Phillip Thurtle, "The Emergence of Genetic Rationality," discussion @ Duke
Discussion of Phillip Thurtle's 2008 book _The Emergence of Genetic Rationality_, c/o Duke English Dept History of Science & Literary Form Working Group
|Where||Allen 303J, Duke Univ Campus|
|Contact Name||Nancy Armstrong & Rob Mitchell|
|Add event to calendar||iCal|
Discussion will focus on the fourth chapter of Dr. Thurtle's book The Emergence of Genetic Rationality: Space, Time, and Information in American Biological Science, 1870-1920. Dr. Thurtle will begin the session with a brief discussion of his project, followed by 2 short responses, and then the reminder of the meeting time will be given over to discussion of his chapter and its implications for literary and interdisciplinary study.
If you plan to attend, we ask you to RSVP to Rebecca Evans (email@example.com) or Meghan O'Neil (firstname.lastname@example.org) by Monday, Oct. 11, so that we have an accurate head count.
Description of Phillip Thurtle, The Emergence of Genetic Rationality Space, Time, and Information in American Biological Science, 1870-1920 (Seattle: University of Washington Press, 2008):
The emergence of genetic science has profoundly shaped how we think about biology. Indeed, it is difficult now to consider nearly any facet of human experience without first considering the gene. But this mode of understanding life is not, of course, transhistorical. Phillip Thurtle takes us back to the moment just before the emergence of genetic rationality at the turn of the twentieth century to explicate the technological, economic, cultural, and even narrative transformations necessary to make genetic thinking possible.
The rise of managerial capitalism brought with it an array of homologous practices, all of which transformed the social fabric. With transformations in political economy and new technologies came new conceptions of biology, and it is in the relationships of social class to breeding practices, of middle managers to biological information processing, and of transportation to experiences of space and time, that we can begin to locate the conditions that made genetic thinking possible, desirable, and seemingly natural.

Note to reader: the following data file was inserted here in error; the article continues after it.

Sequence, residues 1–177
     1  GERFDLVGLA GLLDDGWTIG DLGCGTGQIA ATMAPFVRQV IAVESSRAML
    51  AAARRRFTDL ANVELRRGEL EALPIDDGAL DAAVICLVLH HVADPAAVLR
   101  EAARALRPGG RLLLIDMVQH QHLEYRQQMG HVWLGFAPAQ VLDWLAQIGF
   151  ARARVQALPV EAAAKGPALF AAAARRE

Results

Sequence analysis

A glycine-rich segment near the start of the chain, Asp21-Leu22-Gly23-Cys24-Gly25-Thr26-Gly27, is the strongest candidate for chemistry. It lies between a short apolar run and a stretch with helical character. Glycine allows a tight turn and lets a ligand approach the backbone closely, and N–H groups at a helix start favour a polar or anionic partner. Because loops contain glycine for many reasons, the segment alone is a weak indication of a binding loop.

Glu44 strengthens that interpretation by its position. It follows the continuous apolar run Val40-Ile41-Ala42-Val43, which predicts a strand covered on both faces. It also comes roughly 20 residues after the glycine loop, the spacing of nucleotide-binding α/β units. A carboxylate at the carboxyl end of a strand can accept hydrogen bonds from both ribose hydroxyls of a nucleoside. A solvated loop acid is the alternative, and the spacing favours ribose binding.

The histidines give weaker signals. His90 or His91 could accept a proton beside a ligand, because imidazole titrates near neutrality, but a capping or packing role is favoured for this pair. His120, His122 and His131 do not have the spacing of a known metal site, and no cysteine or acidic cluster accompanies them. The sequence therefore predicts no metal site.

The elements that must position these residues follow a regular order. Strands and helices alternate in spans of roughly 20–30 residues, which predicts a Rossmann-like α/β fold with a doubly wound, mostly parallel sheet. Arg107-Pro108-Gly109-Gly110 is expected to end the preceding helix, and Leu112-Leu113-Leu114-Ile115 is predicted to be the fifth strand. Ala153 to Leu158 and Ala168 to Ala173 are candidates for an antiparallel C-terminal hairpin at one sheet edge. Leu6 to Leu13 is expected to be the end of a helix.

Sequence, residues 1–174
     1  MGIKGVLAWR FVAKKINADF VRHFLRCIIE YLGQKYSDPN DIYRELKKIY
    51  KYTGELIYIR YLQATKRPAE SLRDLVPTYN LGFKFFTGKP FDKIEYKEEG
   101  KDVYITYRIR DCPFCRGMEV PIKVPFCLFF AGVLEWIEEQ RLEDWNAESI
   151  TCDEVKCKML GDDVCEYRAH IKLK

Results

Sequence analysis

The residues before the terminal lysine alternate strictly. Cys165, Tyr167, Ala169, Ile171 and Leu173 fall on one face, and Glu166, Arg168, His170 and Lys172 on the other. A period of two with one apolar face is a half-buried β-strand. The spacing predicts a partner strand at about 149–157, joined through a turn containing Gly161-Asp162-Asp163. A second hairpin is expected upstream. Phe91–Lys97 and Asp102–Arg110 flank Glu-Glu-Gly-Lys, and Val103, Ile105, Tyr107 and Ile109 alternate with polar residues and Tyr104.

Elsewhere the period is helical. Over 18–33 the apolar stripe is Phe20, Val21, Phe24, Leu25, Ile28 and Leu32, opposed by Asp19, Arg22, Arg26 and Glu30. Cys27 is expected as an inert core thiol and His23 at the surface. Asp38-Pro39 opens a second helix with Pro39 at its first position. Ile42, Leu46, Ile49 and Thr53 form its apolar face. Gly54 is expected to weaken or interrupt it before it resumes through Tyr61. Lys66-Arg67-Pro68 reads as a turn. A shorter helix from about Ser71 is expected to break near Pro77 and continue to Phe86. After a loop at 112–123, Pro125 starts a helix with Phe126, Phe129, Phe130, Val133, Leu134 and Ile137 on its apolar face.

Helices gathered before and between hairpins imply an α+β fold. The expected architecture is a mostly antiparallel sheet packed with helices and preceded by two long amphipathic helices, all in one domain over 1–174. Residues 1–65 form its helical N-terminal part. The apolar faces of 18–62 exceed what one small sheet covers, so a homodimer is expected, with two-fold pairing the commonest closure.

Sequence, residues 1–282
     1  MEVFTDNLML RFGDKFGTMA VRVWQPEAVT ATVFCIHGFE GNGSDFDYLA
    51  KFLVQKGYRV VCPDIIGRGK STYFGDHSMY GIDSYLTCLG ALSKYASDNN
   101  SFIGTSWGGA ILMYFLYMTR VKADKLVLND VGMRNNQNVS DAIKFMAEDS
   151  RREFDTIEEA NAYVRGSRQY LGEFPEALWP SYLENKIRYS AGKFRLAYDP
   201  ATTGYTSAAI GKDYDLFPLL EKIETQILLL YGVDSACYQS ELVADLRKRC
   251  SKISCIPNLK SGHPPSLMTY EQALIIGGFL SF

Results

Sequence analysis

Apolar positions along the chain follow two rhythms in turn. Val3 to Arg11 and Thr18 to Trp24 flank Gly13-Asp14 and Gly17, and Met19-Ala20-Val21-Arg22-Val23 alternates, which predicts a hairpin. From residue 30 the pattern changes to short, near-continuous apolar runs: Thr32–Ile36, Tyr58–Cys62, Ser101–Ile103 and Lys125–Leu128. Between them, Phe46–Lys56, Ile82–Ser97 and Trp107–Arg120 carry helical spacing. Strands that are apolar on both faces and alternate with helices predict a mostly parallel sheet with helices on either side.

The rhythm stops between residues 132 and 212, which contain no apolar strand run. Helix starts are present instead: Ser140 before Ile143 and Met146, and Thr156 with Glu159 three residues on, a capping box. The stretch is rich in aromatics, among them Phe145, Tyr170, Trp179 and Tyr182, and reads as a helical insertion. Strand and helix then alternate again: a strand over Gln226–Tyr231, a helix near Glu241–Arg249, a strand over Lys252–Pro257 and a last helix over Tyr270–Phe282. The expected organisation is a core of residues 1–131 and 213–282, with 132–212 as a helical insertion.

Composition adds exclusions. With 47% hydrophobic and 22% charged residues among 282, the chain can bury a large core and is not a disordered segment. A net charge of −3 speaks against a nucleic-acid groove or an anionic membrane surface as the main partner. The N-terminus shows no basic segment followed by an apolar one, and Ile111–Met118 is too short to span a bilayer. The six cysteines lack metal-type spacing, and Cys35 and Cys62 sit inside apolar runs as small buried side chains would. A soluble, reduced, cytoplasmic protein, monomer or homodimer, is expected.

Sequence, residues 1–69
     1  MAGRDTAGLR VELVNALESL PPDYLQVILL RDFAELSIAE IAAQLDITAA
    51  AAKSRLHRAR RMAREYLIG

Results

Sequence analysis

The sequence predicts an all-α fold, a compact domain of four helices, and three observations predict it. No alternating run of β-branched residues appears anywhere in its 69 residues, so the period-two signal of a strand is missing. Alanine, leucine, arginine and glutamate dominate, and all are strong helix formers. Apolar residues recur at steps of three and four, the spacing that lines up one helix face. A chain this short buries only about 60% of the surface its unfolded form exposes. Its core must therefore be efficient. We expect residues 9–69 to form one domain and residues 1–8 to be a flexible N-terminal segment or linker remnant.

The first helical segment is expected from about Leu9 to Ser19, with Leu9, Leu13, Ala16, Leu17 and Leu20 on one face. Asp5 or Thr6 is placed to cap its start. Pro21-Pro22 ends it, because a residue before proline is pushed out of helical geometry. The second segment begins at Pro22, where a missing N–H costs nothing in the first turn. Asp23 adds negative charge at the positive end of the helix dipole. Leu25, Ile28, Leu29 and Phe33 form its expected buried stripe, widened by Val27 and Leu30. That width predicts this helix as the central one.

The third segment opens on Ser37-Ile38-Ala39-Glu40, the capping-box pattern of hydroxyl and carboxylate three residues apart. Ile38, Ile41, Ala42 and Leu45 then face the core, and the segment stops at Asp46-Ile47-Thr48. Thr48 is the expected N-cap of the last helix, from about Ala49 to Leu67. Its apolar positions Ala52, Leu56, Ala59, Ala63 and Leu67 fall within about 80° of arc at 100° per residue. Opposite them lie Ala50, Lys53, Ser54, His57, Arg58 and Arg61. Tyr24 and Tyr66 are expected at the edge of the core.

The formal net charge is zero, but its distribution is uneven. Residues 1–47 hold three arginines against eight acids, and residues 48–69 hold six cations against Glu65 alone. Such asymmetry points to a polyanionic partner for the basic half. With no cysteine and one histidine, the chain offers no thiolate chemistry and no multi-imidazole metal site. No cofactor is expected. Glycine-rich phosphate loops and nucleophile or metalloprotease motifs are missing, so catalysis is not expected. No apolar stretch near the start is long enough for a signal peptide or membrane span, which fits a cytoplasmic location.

In describing this historical moment, The Emergence of Genetic Rationality is panoramic in scope, addressing primary texts that range from horse breeding manuals to eugenics treatises, natural history tables to railway surveys, and novels to personal diaries. It draws on the work of figures as diverse as Thorstein Veblen, Jack London, Edith Wharton, William James, and Luther Burbank. The central figure, David Starr Jordan - naturalist, poet, eugenicist, educator - provides the book with a touchstone for deciphering the mode of rationality that genetics superseded.
Building on continental philosophy, media studies, systems theory, and theories of narrative, The Emergence of Genetic Rationality provides an inter-disciplinary contribution to intellectual and scientific history, science studies, and cultural studies. It offers a truly encyclopedic cultural history that challenges our own ways of organizing knowledge even as it explicates those of an earlier era. In a time in which genetic rationality has become our own common sense, this discussion of its emergence reminds us of the interdependence of the tools we use to process information and the conceptions of life they animate.
From reviews of The Emergence of Genetic Rationality: Space, Time, and Information in American Biological Science, 1870-1920:
"This work is an extraordinary writing in its comprehensiveness, conciseness, and interdisciplinary focus. Thurtle presents an intellectually historical journey, weaving cultural, economic, political, social, literary, and artistic forces that shaped thinking and developments related to genetics during this 50-year period. . . . Highly recommended. All undergraduates, graduate students, researchers, and faculty." - Choice
"An important, novel way to look at the history of genetics. . . . By studying the way time and space are mapped, classified, used, and interpreted by 19-century industrialists and the scientists who received their philanthropic largesse, Thurtle brings out a part of the history of heredity that scientists like myself have tended to ignore. . . .I recommend this book for anyone who likes to see how the interplay between science and society worked in 19th-century biological thought." - The Quarterly Review of Biology
"Reading Phillip Thurtle's book is an immersive experience and the book should be read from cover to cover. Thurtle. . .explores literary representations of practices of meaning-making, spaces of sense, and modes of being in turn-of-the-century literature. Thurtle uses these devices to profound effect and the power of the book lies in its literary portrayal of the experiences of living and working in and with these cultures and technologies. - NTM: Zeitschrift fur Geschichte der Wissenschaften, Technik und Medizin